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Anatomy and Physiology: Exam One
Terms in this set (63)
Atoms and molecules - DNA
Molecules join to form cells, the smallest living units in the body.
Groups of cells and material that work together to perform a function
Two or more tissues joining together for a specific function and have a specific shape
Consists of related organs that have a common function
Any individual, all parts of the body functioning together
All chemical processes in the body
The breakdown of complex chemical substances into similar to components
The building up of complex chemical substances from smaller more simpler components
Body's ability to detect and respond to changes
Motion of the whole body, individual organs, single cells, and tiny structures inside cells.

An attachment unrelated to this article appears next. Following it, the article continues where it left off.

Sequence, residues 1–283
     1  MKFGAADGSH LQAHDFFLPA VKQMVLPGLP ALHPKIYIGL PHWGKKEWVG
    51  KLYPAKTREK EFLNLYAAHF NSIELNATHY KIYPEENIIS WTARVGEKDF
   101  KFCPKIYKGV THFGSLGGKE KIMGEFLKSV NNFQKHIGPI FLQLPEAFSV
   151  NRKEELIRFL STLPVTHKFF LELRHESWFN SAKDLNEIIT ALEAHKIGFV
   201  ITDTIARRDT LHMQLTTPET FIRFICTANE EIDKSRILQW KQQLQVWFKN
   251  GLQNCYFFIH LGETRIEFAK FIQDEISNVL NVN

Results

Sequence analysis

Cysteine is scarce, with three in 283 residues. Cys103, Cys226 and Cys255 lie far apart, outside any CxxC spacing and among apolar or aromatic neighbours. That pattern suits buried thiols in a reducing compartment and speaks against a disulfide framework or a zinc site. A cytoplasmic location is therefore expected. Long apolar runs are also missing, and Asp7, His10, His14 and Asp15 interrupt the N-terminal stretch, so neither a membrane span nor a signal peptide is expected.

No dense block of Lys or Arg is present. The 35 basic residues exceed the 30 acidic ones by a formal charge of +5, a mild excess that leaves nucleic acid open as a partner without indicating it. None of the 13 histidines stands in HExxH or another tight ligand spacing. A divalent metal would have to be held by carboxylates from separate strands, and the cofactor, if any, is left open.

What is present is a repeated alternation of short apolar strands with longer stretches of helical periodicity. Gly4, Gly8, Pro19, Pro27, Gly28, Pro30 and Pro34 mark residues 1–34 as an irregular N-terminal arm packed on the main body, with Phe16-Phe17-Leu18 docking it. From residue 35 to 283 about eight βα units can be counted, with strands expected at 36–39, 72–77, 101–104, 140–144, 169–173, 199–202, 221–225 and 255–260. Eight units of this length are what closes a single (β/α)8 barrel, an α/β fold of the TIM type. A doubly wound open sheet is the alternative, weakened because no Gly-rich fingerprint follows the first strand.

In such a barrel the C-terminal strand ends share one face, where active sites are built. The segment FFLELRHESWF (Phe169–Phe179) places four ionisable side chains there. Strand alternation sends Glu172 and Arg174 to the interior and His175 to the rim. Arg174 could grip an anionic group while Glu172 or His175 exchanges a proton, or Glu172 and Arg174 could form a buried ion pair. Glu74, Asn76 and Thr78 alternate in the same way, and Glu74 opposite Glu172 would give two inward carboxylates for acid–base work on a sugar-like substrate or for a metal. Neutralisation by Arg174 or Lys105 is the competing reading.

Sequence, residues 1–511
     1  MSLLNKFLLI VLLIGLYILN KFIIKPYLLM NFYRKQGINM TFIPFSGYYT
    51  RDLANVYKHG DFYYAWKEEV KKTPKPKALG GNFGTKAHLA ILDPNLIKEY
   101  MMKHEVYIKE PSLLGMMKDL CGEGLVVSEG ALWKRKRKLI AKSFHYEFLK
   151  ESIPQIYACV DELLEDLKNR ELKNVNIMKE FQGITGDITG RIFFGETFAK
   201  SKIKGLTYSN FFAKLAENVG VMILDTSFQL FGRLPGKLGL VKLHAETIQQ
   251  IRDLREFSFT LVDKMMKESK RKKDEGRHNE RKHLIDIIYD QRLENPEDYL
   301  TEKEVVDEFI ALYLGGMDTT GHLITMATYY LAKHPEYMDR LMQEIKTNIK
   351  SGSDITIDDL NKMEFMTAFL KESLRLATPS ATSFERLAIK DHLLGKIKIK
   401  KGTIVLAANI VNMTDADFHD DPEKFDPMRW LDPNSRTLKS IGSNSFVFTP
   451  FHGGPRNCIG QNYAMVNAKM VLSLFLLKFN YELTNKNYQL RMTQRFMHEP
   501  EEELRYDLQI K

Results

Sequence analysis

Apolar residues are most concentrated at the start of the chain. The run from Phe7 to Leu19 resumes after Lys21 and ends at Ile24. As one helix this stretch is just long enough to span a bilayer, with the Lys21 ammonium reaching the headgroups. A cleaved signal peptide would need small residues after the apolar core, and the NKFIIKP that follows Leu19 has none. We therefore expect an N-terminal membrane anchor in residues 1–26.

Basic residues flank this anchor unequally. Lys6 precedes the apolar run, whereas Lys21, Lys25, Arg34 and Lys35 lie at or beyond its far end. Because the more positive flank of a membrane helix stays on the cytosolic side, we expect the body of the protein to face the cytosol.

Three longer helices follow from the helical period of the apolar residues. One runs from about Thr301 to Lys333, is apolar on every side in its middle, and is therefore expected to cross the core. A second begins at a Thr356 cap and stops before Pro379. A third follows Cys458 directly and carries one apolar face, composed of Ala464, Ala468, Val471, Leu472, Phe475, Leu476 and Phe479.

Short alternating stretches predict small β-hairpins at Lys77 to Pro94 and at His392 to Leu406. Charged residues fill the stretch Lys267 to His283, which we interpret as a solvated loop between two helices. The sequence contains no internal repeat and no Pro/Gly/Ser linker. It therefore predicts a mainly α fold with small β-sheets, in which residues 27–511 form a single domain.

An increase in body size that results from an increase in the size of existing cells, an increase in the number of cells, or both.
The development of a cell from an unspecialized to a specialized state.
An example can be stem cells.
(1) Formation of new cells for tissue growth, repair and/ or replacement.
(2) The production of a new individual
The maintenance of relatively stable conditions in the body's internal environment. It occurs because of the ceaseless interplay of the body's many regulatory systems.
Reverses a change in a controlled condition, an example is when blood pressure is too high and the body figures out a way to decrease it. Goes back to normal situation.
Tends to strengthen or reinforce a change in one of the body's controlled conditions, an example is when giving birth, the body supports the situation so that it can go through it fully till it is over.
Non-homeostatic which is keeping body in a position that is not normal.
Bond between ions with opposite charges, loss or gain electrons
Atoms share electrons instead of losing them
Positively charged ion (ionic bond)
Negatively charged ion (ionic bond)